It’s no coincidence that trans people are living through an age of both unprecedented visibility and unprecedented violence. Trans people know all too well that being seen and being targeted often go hand in hand; the more witnessed you are in your difference, the more likely you are to attract backlasah. Right now we’re seeing this play out on a national scale for not only trans people, but also many other marginalized groups: queers, Muslims, immigrants, people of color, women, and more.
A few months ago, I wrote that, for trans people, it felt like “a time of cautious possibility, a time of uneasy fear.” Now, with a Trump presidency on the horizon, it feels much more like the latter.
In the past few years, we have seen tremendous steps forward. Greater numbers of trans people than ever before have access to basic rights like protection against workplace discrimination, the ability to change their government IDs to accurately reflect their name and gender, and the ability to receive insurance coverage for life-saving health care. However, all this seems to hang in the balance now. Trump is poised to roll back much of our legislative gains on the national level. Particularly at risk are regulations instituted via guidance or executive orders from the Obama administration, including a ban on discrimination against LGBTQ federal employees, guidance providing transgender students equal access to gendered facilities such as bathrooms and locker rooms, protections against housing discrimination, guidance making it easier for trans people to update their passports, and more.
As the trans community rushes to prepare for the new administration, today we recognize the annual Trans Day of Remembrance. Today, we pause to mourn the many trans people who have died in the last year, and we pause to gather strength to continue the struggle. Now more the ever we need non-trans allies to join us in this fight.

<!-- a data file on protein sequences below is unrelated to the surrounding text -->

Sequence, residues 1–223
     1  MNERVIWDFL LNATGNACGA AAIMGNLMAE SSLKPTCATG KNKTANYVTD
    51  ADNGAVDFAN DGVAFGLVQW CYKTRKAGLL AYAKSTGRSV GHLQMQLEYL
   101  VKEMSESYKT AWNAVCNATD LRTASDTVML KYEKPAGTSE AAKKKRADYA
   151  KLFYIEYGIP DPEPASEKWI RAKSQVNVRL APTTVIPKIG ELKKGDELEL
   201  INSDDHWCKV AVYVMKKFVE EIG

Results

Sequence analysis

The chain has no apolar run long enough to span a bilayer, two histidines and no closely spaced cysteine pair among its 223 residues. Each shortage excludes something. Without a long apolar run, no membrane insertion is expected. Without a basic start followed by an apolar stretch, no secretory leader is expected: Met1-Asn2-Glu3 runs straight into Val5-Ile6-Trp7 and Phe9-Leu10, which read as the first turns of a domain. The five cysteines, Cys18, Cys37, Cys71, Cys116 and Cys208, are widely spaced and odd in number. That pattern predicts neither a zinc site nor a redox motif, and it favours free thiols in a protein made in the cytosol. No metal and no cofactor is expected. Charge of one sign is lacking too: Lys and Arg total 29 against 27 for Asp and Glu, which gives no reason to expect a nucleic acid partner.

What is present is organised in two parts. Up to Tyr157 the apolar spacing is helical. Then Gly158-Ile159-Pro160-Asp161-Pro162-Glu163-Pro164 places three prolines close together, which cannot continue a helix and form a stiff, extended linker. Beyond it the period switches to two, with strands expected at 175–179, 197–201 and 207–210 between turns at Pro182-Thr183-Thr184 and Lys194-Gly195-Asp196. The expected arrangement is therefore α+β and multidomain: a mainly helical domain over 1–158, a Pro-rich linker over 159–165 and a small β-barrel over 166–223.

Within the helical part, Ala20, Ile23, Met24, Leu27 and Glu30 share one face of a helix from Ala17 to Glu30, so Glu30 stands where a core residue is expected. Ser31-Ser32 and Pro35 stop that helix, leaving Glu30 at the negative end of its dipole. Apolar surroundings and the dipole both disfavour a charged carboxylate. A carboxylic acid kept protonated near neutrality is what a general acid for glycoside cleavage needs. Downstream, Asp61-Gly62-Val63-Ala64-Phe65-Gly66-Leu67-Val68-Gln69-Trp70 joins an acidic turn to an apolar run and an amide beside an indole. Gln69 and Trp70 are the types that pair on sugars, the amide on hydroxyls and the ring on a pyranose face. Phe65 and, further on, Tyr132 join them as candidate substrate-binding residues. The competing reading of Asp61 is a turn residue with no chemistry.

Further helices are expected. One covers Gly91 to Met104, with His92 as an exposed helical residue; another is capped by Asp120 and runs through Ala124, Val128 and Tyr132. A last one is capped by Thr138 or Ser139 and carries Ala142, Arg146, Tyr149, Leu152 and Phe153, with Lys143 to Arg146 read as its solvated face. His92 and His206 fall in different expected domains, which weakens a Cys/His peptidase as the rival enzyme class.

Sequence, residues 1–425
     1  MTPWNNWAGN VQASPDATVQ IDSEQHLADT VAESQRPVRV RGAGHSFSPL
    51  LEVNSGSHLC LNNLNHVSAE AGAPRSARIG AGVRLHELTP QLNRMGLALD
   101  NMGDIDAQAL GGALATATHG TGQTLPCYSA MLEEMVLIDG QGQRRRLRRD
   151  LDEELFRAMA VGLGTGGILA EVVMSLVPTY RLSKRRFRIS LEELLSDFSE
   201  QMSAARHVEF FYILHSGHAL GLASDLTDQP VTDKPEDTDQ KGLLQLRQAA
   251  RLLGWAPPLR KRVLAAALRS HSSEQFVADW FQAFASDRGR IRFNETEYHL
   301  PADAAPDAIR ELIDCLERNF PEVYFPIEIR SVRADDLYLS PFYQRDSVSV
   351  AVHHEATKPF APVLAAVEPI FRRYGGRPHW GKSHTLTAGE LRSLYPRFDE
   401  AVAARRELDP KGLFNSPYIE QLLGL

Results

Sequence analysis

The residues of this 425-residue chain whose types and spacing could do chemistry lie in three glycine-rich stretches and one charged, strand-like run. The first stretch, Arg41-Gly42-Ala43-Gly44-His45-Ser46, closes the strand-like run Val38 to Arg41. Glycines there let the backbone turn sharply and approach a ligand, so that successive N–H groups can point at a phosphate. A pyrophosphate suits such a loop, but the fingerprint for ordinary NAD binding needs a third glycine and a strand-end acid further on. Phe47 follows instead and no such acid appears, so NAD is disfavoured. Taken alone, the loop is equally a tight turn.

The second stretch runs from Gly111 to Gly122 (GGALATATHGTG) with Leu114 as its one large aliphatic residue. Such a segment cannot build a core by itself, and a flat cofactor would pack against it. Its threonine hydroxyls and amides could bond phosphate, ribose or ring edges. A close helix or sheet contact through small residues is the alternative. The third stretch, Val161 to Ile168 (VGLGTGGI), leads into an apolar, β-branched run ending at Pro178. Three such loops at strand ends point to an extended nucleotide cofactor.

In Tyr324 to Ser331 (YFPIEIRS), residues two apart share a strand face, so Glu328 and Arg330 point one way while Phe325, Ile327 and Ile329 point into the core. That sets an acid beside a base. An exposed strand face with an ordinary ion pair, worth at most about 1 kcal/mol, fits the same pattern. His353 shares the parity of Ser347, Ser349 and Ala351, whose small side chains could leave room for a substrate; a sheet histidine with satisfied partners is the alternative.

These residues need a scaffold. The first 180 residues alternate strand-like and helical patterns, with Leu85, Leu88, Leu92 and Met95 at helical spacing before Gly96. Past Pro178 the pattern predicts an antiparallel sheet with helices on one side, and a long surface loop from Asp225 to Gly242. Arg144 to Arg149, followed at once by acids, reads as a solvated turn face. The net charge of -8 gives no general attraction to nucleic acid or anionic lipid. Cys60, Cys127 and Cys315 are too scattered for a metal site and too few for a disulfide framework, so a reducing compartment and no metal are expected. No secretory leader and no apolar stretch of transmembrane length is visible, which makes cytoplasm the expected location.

So what does allyship with trans people look like during these uncertain times? What is the role of non-trans people in our struggle? Read on to explore how you can more deeply embody your commitment to trans liberation.
Acknowledge What’s Happening.
Life does not feel like business as usual for trans people. Even before the election, we were navigating the double-edged sword of visibility: the hope for representation, the fear of violence. Now more than ever, we are in crisis mode, scrambling to make decisions about our bodies, our health care, and our legal statuses on accelerated timelines before January 20, 2017. Checking in with the trans people in your life, and acknowledging the reality and the weight of this moment is a starting point. We need to hear that you are not complacent, that you refuse to accept the current political climate as the new norm.